A. W. Stevens Factory


| January/February 1999



This article, sent by Mark Corson, 9374 Roosevelt St., Crown Point, IN 46307, is reprinted with permission from the Marinette County (Wisconsin) Historical Society publication, Vol. 10 No. 2, July 1985.

In 1898, the last logging drive on the Menominee River was still 19 years away, but employment in the mills and the woods already was dropping, so Marinette business and professional men pooled their resources and energies to provide new jobs for the community.

They raised $300,000 of local investment money despite depression conditions and purchased the A. W. Stevens Company, which had been established in 1842 at Auburn, New York, for the manufacture of engines, threshers, and farming implements of all kinds.

The Stevens firm needed modern facilities to replace its 56-year-old factory built long before the Civil War, and the aging Stevens heirs welcomed the Marinette offer. Most of the $300,000 was spent for a mammoth new plant of brick on a 15-acre site along Pierce Avenue between the present Daggett Street and Cleveland Avenue. Gleaming steam-powered machinery soon was turning out the Stevens line of familiar farm products while research was begun on new items to widen the line.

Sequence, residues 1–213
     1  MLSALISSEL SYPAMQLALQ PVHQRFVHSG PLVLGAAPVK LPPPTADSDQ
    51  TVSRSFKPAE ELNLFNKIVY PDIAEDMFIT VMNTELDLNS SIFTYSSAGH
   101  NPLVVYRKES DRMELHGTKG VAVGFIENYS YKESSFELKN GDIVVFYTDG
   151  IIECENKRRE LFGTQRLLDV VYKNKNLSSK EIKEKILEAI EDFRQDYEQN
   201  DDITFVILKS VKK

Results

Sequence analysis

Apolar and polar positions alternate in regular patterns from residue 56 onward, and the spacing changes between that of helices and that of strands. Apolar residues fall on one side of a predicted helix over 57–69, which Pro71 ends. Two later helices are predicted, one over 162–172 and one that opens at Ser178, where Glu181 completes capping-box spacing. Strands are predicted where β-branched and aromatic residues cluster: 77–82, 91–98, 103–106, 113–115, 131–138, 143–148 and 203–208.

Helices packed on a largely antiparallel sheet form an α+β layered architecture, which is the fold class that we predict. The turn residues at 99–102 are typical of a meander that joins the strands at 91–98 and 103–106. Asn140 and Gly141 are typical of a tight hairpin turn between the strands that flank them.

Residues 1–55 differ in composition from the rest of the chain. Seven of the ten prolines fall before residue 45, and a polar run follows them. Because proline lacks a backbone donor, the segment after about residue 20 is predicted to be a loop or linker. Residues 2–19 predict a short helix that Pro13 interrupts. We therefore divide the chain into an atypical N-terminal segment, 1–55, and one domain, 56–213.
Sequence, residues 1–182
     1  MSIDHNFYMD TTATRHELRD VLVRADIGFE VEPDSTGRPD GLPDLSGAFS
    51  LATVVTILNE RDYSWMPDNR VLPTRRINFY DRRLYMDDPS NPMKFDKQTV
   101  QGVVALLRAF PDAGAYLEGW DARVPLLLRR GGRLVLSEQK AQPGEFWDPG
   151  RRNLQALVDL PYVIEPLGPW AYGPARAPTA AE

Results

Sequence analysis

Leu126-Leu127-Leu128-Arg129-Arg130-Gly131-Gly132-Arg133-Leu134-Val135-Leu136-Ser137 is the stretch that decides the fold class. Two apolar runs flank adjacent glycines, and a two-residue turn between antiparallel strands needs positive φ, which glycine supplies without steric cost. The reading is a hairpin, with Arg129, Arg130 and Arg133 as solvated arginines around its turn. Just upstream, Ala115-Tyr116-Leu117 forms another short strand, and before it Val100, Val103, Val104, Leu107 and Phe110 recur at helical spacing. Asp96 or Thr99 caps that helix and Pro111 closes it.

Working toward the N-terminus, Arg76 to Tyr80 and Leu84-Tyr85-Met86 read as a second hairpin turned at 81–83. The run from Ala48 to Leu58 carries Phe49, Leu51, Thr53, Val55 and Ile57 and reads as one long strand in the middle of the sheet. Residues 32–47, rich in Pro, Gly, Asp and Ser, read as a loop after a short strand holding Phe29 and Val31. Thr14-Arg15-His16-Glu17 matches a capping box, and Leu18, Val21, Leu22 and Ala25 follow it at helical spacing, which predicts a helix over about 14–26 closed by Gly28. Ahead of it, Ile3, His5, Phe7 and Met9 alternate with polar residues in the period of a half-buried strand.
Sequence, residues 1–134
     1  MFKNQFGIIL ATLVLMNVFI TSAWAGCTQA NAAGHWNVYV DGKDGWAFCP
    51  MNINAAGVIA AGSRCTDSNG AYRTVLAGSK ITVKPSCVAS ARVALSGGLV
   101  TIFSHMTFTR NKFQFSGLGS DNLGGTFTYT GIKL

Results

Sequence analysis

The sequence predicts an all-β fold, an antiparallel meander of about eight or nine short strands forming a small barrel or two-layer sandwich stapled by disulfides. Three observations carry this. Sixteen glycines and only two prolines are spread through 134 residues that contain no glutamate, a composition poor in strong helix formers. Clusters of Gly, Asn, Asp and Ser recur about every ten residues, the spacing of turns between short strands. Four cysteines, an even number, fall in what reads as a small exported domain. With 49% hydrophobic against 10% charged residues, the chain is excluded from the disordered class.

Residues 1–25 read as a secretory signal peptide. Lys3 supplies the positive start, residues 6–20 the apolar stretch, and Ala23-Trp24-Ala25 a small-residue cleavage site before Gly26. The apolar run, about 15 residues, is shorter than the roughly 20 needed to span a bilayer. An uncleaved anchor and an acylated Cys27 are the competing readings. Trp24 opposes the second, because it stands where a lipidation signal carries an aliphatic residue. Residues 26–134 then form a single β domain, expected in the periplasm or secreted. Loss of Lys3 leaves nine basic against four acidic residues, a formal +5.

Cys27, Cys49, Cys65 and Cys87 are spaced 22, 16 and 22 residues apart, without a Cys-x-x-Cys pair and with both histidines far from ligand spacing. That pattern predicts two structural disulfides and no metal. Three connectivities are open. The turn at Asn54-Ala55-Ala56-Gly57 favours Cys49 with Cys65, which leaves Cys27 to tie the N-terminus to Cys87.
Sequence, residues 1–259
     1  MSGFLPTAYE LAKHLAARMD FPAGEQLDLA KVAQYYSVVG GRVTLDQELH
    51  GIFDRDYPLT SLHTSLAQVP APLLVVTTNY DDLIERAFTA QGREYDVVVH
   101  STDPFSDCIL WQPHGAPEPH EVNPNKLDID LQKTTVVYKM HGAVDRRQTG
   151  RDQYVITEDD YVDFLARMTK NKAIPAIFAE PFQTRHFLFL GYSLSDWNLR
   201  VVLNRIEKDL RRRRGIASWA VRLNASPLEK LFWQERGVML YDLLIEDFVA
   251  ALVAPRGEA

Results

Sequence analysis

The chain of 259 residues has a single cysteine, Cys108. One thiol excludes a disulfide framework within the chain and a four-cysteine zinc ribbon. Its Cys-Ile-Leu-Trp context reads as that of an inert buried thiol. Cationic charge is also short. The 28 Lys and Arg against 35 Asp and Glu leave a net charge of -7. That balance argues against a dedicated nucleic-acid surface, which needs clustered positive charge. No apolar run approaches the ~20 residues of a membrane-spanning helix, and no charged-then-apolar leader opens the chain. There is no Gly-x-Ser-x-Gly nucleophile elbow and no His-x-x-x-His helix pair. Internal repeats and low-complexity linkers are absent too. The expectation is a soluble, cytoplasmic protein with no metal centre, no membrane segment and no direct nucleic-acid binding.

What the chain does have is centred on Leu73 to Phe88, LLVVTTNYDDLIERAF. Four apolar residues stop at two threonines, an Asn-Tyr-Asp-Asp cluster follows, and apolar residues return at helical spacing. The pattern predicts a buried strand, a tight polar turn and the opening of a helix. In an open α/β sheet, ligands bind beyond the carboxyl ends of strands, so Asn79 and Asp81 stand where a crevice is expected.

A catalog in the possession of Carl Erickson of Menominee even found its way to the Erickson family farm in Sweden, where little Carl never dreamed he would someday be employed to tear down the sprawling structure four decades later.

Several key Stevens employees made the move to Marinette, but the founding family stayed in New York State, content to wait for dividends on $355,200 in stock they received for their equity. Most of this was for patents, customer lists and good will.